In the state of New Mexico, you would file a complaint letter to the Supreme Court of New Mexico. There is a website that you access for the Supreme Court of New Mexico and from there you go to the side bar and click on complaints. You then write a letter stating your complaint against that lawyer and it goes to the board for review. There is also a site where you could file a complaint online. I believe that would be quicker. Misconduct is reported to the States Disciplinary Board.
There are many ways that lawyers get “punished” for violating the Rules of Professional Conduct. I believe that these ways fit the violation. I have found a lawyer that has violated some of the rules but one of them way 16-804(d). The lawyer was David Reyes. He was representing a client after an automobile accident. The complaint was that Reyes failed to properly represent her in her case. Reyes failed to communicate with his client over a substantial amount of time. He filed a complaint with the court but was dismissed for lack of prosecution. When asked about his misconduct Reyes stated that it was true and that his performance in her case fell far beyond the required standard. Reyes was only issued A Formal Reprimand. I believe that every lawyer gets what they deserve. Just like the constitution says the punishment must fit the crime.
Our Documents Nmdisboard.org, https://www.nmdisboard.org/Documents.aspx?NID=558 (last visited Oct 16, 2018)
New Mexico Rules of Professional Conduct Law.cornell.edu, https://www.law.cornell.edu/ethics/nm/code/NM_CODE… (last visited Oct 16, 2018)
Forum Response 5 topic: International Peacekeeping 1988-present
Genocide is a catastrophic by-product of intrastate conflict. While not every conflict possesses the environment conducive to this atrocity, the few that have resulted in countless misery within the regions they occurred. Additionally, the repetitive nature of genocidal tendencies within the African continent have plagued the international community with a conundrum, and moral dilemma. At what point is intervention necessary to protect human life over the respect of the regions sovereignty? Kofi Annan felt this dilemma personally as the member in charge of the UN Peacekeeping forces during the Rwandan genocide.
Over the course of a few short months, approximately 800,000 people were killed within Rwanda (Carlsson 2005, 838). The grotesque success of this effort was largely contributed to the inability of the UN to adequately intervene, or stop the event as it was occurring. These events and the presumptive failures of the international community to stop them, led eventual Secretary-General Kofi Annan to challenge the UN and the international community to “’…pledge, to ourselves as moral beings and to each other as a human community, to act boldly, including through military action when no other course will work, to ensure that such a denial of our common humanity is never allowed to happen again’” (UN Chronicle 2004).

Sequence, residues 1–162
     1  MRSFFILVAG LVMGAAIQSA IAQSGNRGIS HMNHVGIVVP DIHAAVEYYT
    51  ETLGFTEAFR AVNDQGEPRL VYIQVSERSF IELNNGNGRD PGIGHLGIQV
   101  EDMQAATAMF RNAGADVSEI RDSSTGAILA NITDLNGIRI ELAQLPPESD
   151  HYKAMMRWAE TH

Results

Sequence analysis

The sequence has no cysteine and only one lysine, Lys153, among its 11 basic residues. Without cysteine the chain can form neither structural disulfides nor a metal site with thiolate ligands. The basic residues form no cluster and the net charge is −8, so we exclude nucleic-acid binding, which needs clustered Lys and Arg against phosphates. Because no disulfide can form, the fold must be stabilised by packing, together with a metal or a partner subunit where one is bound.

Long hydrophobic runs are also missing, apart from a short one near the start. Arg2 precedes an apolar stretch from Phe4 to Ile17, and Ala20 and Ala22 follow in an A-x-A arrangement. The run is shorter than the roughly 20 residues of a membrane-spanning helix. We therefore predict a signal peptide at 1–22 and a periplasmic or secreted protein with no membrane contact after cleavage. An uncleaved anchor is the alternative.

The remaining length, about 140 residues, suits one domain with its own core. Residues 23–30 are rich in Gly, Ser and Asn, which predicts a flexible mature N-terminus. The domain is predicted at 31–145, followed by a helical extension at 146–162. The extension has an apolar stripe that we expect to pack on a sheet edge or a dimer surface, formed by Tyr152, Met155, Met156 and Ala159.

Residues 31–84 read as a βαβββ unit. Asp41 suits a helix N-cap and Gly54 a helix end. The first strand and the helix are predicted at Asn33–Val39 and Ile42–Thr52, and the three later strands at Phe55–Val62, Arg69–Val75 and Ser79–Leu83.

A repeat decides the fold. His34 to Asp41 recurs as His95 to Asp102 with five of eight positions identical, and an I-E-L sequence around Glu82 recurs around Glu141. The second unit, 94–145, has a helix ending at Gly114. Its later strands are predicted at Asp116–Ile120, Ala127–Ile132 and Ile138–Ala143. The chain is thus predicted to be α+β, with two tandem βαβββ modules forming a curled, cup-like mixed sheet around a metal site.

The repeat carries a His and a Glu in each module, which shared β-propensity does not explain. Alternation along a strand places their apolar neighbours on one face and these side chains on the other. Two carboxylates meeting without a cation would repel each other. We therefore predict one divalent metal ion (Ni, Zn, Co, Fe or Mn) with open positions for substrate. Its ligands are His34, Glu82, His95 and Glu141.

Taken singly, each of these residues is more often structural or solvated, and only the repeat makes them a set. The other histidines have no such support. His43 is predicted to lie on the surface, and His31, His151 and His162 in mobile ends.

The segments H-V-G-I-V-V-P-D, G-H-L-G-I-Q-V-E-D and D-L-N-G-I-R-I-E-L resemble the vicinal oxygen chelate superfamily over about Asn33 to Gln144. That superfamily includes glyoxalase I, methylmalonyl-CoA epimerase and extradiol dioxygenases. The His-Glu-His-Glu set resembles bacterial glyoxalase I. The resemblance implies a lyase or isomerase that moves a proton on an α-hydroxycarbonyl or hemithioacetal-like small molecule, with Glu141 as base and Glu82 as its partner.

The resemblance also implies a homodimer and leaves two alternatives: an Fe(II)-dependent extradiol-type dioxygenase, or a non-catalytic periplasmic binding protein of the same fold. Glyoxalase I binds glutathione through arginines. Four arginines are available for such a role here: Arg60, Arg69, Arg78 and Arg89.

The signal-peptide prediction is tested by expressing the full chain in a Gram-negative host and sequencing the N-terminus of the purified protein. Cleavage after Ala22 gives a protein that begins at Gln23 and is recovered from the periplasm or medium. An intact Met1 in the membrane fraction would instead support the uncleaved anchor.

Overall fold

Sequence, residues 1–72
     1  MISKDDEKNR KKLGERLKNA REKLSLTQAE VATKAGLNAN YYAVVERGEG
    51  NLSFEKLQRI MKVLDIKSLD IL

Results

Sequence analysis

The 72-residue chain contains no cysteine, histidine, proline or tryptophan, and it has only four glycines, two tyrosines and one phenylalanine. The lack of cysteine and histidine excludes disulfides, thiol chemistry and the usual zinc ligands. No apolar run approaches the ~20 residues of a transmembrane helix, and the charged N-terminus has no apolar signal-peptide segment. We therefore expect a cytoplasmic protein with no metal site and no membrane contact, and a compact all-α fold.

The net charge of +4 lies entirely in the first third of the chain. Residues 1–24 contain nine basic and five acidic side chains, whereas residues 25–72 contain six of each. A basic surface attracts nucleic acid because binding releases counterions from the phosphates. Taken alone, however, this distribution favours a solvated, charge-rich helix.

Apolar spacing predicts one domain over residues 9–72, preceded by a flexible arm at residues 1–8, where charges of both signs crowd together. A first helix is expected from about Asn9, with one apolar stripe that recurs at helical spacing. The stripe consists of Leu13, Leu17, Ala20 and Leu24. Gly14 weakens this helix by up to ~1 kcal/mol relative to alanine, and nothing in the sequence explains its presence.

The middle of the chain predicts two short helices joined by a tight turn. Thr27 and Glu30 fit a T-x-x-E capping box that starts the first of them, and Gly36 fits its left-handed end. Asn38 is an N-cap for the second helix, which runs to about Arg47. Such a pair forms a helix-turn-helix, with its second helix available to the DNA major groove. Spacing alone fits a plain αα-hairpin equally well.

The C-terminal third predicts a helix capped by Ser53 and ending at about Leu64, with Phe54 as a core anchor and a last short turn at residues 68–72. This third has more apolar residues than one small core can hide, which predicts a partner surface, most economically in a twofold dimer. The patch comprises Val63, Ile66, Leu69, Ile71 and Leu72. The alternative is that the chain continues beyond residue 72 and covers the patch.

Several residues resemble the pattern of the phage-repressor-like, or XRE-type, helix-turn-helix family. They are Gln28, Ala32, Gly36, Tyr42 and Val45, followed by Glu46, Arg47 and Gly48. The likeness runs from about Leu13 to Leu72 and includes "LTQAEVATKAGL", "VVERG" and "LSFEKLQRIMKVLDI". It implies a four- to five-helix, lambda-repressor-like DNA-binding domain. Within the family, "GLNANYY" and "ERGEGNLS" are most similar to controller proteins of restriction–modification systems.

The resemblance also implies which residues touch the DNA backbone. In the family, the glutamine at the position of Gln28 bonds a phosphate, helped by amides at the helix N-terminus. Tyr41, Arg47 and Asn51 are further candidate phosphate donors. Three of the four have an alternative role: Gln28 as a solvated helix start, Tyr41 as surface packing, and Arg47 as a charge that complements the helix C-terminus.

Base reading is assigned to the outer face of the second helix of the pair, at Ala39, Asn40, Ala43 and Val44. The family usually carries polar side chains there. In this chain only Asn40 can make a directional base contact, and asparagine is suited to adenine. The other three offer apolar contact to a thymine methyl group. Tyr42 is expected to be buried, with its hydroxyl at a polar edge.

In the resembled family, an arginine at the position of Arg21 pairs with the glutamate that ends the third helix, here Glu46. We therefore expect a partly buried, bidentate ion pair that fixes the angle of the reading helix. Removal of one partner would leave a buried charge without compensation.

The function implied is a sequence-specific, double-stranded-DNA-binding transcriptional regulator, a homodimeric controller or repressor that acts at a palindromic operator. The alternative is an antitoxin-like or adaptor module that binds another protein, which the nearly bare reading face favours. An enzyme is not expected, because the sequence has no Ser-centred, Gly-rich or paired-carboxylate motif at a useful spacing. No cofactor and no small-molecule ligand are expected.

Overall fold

Ultimately, though a catastrophic event, the role of Kofi Annan in the wake of one of the greatest human calamities in modern history served to introduce the idea of a responsibility to protect. Warner explains that during the years preceding the events in Rwanda, the UN “…didn’t see civilian protection as its job, especially protecting civilians against their own government” (Warner 2014). Instead the UN response was to withdraw its forces in the path of the onslaught and not counter the threat (Carlsson 842) (Warner 2014). Though these weaknesses on the part of the UN had been recognized prior to this event, the idea of posturing for a R2P-enforcement mandate had not taken shape. While, the Rwandan genocide was an egregious example of failures within the international community, out of the atrocity arose a necessary conviction to prevent history from repeating itself in the form of international inaction in the wake of genocide. While the normal complexities of intrastate conflict are not absolved, events such as these demonstrate opportunities for world leaders to rise above the failures and instill conviction within the international community.
Carlsson, Ingvar. 2005. “The UN Inadequacies.” Journal of International Criminal Justice 3 (4): 837–46. doi:10.1093/jicj/mqi057. (Accessed 15 October 2018).
“UN Chronicle.” 2004. UN Chronicle 41 (1): 3. http://ezproxy.apus.edu/login?url=https://search.ebscohost.com/login.aspx?direct=true&AuthType=ip&db=aph&AN=13335678&site=ehost-live&scope=site. (Accessed 15 October 2018).
Warner, Gregory. (2014). How Abandonment in Rwandan Genocide Changed Peacekeepers’ Role. National Public Radio. Npr.org. https://www.npr.org/2014/04/06/299913830/how-abandonment-in-rwandan-genocide-changed-peacekeepers-role. (Accessed 15 October 2018).
Forum Response 6 topic: International Peacekeeping 1988-present
Major General Kristin Lund was a breaking point moment for the growth and development in the United Nations peacekeeping.
Lund is a good choice. As a women, as you pointed out, she had accomplished much in the male-dominated Saudi Arabia during Desert Storm. As a transport officer in the Gulf War, she did a great job. In 2014, she became the first women to command peacekeeping forces in Cyprus. What obstacles do you think she will face in Cyprus?